August 2016
Volume 16, Issue 12
Open Access
Vision Sciences Society Annual Meeting Abstract  |   September 2016
The perception of depth vs. frontoparallel motion assessed by continuous target tracking
Author Affiliations
  • Kathryn Bonnen
    Institute for Neuroscience, University of Texas at Austin
  • Alexander Huk
    Institute for Neuroscience, University of Texas at Austin
  • Lawrence Cormack
    Institute for Neuroscience, University of Texas at Austin
Journal of Vision September 2016, Vol.16, 183. doi:10.1167/16.12.183
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      Kathryn Bonnen, Alexander Huk, Lawrence Cormack; The perception of depth vs. frontoparallel motion assessed by continuous target tracking. Journal of Vision 2016;16(12):183. doi: 10.1167/16.12.183.

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      © 2017 Association for Research in Vision and Ophthalmology.

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Abstract

We used 3D tracking to simultaneously assess the perception of motion in all directions (horizontal, vertical, and depth). Despite the ecological importance of perceiving motion-through-depth, we found that tracking performance for depth motion was poor compared to frontoparallel motion. Moreover, this impairment was greater than predicted from the small relative size of the retinal signals arising from depth motion. Target-tracking relies on a simple intuition: the better one can see an object or its motion, the more accurately one can point to it. In the main experiment, subjects pointed with their finger to track a stereoscopic luminance circle as it moved in a 3-dimensional Brownian random walk. We measured tracking performance by calculating cross-correlograms for each cardinal motion axis. Tracking performance was selectively impaired for depth motion compared to horizontal and vertical (frontoparallel) motion. The retinal projections resulting from depth motion are, due to geometry, much smaller than those arising from frontoparallel motion, given the same environmental motion extent. In a second experiment, observers tracked a stereoscopic luminance circle as it moved in a one-dimensional Brownian random walk either in depth or horizontally. We systematically manipulated the size of the retinal projection of the motion. This allowed us to isolate a component of the impairment that was independent of signal size. Further experiments ruled out motor explanations. In a final experiment, observers tracked a disparity-defined target in a dynamic random element stereogram as it moved in a 3-dimensional Brownian random walk. When frontoparallel tracking required a disparity computation, tracking performance suffered in a manner similar to the isolated component observed in the retinal projection experiment. Despite the crucial importance of egocentric depth motion, its perception is impaired relative to frontoparallel motion beyond what would be expected from viewing geometry. Disparity processing provides a possible explanation for this impairment.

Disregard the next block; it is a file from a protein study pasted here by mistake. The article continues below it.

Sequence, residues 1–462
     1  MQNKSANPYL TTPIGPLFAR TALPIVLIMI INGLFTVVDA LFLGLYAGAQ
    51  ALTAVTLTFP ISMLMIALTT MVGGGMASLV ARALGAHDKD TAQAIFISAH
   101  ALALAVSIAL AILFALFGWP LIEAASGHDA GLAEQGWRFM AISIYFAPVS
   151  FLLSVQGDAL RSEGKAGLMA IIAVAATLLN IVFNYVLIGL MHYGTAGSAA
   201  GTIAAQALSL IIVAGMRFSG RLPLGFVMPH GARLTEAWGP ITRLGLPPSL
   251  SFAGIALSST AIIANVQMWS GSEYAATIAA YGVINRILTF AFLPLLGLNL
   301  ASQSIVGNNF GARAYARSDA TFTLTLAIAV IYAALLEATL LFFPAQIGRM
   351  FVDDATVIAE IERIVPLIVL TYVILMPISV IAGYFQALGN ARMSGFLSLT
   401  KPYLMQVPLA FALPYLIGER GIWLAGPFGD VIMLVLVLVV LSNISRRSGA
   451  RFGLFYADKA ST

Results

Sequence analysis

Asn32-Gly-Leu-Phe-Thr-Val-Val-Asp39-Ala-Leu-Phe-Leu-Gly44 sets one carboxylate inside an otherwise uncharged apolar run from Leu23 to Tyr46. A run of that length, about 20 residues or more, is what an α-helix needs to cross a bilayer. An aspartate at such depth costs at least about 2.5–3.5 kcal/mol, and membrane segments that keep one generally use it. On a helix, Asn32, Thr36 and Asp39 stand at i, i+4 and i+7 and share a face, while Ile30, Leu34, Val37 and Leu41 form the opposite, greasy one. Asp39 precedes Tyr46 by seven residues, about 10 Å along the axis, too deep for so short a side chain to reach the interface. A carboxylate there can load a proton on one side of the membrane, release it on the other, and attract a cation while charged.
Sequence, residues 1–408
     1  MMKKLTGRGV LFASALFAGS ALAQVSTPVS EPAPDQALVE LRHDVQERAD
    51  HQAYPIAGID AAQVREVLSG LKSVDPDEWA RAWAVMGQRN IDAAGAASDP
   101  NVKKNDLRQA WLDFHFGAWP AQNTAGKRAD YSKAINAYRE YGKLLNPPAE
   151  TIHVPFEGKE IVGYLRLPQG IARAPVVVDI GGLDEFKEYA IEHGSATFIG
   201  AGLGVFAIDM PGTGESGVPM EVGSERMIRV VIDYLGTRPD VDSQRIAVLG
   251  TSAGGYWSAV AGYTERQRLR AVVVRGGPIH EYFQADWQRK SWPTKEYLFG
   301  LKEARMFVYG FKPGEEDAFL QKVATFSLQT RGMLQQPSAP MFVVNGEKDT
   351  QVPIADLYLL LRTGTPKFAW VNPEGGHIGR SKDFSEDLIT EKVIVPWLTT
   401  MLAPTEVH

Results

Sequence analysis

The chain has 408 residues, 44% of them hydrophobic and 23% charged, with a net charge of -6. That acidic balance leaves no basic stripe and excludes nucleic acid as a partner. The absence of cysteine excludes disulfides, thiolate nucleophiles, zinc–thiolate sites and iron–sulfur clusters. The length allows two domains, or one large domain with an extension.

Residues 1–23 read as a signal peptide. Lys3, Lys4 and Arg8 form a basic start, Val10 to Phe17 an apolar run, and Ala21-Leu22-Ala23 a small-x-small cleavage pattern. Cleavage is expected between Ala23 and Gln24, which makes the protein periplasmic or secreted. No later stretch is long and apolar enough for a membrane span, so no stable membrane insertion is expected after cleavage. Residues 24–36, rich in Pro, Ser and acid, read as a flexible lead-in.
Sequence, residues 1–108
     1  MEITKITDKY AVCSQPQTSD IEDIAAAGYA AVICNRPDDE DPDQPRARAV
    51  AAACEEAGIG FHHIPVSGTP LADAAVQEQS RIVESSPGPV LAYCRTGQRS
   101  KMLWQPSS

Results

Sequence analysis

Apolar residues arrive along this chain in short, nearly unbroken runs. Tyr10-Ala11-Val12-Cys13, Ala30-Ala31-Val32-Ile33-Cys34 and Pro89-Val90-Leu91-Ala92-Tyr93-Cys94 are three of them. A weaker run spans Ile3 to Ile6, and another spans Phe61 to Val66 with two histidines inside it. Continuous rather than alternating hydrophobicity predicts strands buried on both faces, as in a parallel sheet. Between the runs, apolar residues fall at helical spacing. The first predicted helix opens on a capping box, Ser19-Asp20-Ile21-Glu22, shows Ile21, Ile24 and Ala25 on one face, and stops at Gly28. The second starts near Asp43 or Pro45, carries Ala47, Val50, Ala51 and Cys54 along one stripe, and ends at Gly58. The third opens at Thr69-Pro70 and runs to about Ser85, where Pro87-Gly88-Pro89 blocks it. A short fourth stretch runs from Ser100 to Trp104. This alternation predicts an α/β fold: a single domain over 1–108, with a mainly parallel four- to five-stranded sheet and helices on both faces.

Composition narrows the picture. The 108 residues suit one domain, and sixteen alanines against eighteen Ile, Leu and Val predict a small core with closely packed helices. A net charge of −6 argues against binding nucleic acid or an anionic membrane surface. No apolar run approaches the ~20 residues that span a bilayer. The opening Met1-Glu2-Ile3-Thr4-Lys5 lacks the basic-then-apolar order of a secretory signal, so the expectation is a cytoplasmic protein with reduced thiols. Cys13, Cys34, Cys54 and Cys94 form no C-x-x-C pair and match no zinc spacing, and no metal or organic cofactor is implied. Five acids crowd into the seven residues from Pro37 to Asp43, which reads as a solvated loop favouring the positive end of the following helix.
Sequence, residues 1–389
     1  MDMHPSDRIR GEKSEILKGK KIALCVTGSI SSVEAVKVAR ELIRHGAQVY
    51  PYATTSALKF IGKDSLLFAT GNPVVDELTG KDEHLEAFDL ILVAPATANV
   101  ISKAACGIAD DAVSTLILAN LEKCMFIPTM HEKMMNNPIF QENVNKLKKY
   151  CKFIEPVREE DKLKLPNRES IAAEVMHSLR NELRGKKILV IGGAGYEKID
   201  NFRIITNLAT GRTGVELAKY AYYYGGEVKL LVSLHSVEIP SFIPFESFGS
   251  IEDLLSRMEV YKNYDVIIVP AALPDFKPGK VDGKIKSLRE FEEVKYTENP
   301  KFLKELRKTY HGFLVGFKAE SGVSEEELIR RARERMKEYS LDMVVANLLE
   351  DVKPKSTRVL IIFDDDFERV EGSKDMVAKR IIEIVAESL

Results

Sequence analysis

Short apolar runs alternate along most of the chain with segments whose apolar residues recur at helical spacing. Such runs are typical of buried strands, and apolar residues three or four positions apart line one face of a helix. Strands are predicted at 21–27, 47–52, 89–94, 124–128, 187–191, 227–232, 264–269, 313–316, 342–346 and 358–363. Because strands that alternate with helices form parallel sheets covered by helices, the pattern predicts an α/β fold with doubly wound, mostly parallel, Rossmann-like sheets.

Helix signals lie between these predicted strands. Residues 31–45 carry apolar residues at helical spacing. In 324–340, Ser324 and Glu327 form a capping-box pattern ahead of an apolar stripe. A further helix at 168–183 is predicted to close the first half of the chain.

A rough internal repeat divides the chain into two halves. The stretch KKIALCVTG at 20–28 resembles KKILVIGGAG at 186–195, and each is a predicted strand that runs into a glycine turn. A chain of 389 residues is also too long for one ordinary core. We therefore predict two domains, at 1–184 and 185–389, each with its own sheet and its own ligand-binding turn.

Meeting abstract presented at VSS 2016

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